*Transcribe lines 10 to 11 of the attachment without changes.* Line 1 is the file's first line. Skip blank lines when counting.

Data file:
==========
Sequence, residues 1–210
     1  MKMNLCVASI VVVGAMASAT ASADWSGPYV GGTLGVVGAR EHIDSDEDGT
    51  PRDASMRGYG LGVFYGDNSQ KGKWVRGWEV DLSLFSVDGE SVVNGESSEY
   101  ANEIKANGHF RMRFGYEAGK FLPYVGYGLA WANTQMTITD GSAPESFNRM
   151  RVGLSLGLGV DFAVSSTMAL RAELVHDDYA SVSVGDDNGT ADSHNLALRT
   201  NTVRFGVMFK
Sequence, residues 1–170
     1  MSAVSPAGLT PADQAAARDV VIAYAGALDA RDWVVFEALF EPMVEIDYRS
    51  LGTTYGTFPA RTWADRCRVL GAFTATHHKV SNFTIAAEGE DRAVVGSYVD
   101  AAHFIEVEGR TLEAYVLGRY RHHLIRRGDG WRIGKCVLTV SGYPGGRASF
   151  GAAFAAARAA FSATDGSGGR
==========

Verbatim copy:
   101  AAHFIEVEGR TLEAYVLGRY RHHLIRRGDG WRIGKCVLTV SGYPGGRASF
   151  GAAFAAARAA FSATDGSGGR